In an exclusive interview with Goal.com, Mexican starlet Taufic Guarch dismissed notions that he moved to Europe too young and talked about Mexico's U-20 World Cup campaign.
Taufic Guarch rests after an arduous day of training in Barcelona. The Espanyol B forward is about to finish his first year in Spain after leaving Estudiantes Tecos to test himself in Los Periquitos' youth team. One of the standard bearers of the Mexican U-20 national team that made it to the semifinals of the 2011 U-20 World Cup in Colombia, Guarch quickly understood the differences between his country and the European environment.
“It’s another thing. I had the opportunity to be in the first [division] in Mexico and now I’m in another place where the customs and style of play are different. But I am happy to work and take advantage of the opportunities they give me,” Guarch says, in an exclusive interview with Goal.com U.S. Latino.
Guarch left Mexican soccer on loan this past August, and in contrast to his colleagues Edson Rivera and Ulises Davila, he went to a team in the lower divisions for his first European experience. The challenge doesn’t scare the foreigner from Guadalajara, and he says, “I want to play and show what I can be.”
The youngster is not alone in Barcelona, as Mexican defender Hector Mroneo is one of the most important fixtures in the first team. The relationship with the center back has allowed for a smoother transition.
“On occasions I talk with Hector [Moreno]. I get along very well with the players from my team, I have made many friendships, thanks to God,” Guarch says. “Everyone has helped me [in Europe]. Hector above all, I’m thankful to him for everything.”
Hector Moreno has been a mentor for Guarch but might not be at Espanyol for long.
Moreno has been the topic of discussion at the moment because of the big clubs that have tracked him. On the potential interest from Real Madrid and Juventus, Guarch comments, “I wasn’t aware of that, but it looks very good for him. He deserves it, [he] is a great player and a good person. He has worked and fought to achieve his goals.”
Guarch admits that his contact with the first team outside of Moreno has been minimal. When asked of his relationship with Mauricio Pochettino, head coach of the senior team, the young forward limited himself to saying that he has barely been able to communicate with him since his arrival. On the other hand, his relationship with the staff and coaches of the youth teams that look to propel him towards the first team often helps.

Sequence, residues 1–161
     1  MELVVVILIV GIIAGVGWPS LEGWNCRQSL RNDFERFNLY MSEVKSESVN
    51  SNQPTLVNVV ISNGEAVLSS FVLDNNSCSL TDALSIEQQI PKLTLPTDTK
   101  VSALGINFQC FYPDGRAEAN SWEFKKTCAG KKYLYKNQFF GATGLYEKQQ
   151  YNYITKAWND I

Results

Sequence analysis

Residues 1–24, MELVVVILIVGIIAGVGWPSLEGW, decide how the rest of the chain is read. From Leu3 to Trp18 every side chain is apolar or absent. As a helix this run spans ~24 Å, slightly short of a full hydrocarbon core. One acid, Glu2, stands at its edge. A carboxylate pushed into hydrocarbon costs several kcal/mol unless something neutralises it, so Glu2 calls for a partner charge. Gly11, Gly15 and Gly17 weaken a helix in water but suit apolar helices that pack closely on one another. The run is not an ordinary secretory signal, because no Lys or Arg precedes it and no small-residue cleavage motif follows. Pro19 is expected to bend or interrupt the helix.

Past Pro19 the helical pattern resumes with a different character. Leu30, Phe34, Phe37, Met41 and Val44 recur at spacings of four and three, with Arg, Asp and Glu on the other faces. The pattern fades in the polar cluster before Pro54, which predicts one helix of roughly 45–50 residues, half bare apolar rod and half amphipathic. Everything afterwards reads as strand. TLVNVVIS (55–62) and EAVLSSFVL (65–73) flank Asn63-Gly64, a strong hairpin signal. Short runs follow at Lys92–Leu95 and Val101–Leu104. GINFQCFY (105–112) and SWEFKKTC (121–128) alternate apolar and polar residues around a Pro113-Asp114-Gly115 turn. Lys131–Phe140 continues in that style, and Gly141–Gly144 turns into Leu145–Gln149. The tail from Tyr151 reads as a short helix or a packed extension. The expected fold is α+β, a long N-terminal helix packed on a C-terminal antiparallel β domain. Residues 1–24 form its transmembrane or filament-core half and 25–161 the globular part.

“They say to you that you come to work and show [what you’ve got]. I have had little time before they decide [whether or not to renew the loan], and I have to take advantage of everything,” says the 20-year-old forward. "We'll see. I have to prove myself in the B [team] to be able to stay here."
His goals are clear. Guarch wants to be a figure not only in the European scene, but also with El Tri (the Mexican national team). Together with Davila, Rivera and the other U-20 stars, Guarch hopes to be an important part of the process leading up to the Brazil 2014 World Cup. He knows it won’t be easy.
“To search for something, first I have to be there. My goal is is to go to the Olympic Games and I have to have luck to win myself a place and demonstrate that I have what it takes to be there,” he said.
About his magical experience in Colombia, Guarch paints the scene of what the training camp was like leading up to the World Cup. The close relationship with coach Juan Carlos Chavez and the good results achieved before the tournament gave the team confidence to try and achieve more than what they had hoped for.
“We realized during the preparations that we could have a good tournament. We earned many victories before and we prepared mentally. Coach Juan Carlos [Chavez] supported us, we were very motivated because we knew that it was something important. We knew that we were going to put in a good performance in the World Cup,” he explains.
Guarch has not lost track of his former team in Mexico, and knows perfectly well that if he returns to Tecos, he is likely to be joining a team that will play in the Liga de Ascenso (second division) in the 2012-2013 season.
“It’s difficult. They are fighting for something very important, as relegation is. We hope that they can do well in this tournament and stay in the Primera,” comments Guarch, with sadness evident in his voice.
One day in the future, Taufic thinks about returning to try his hand in Mexican soccer, but not before he follows his path in European soccer. He explained, “Obviously I want to stay and play as much as I can, but I still have the desire to play [in Mexico.]”
Still on the situation of UAG [Tecos], Taufic Eduardo affirmed his decision to leave. “I had the mentality of wanting to come [to Spain], I did very good work to be here. There is no remorse for having left [Mexico] so young. I have to mature and strive to do something important.”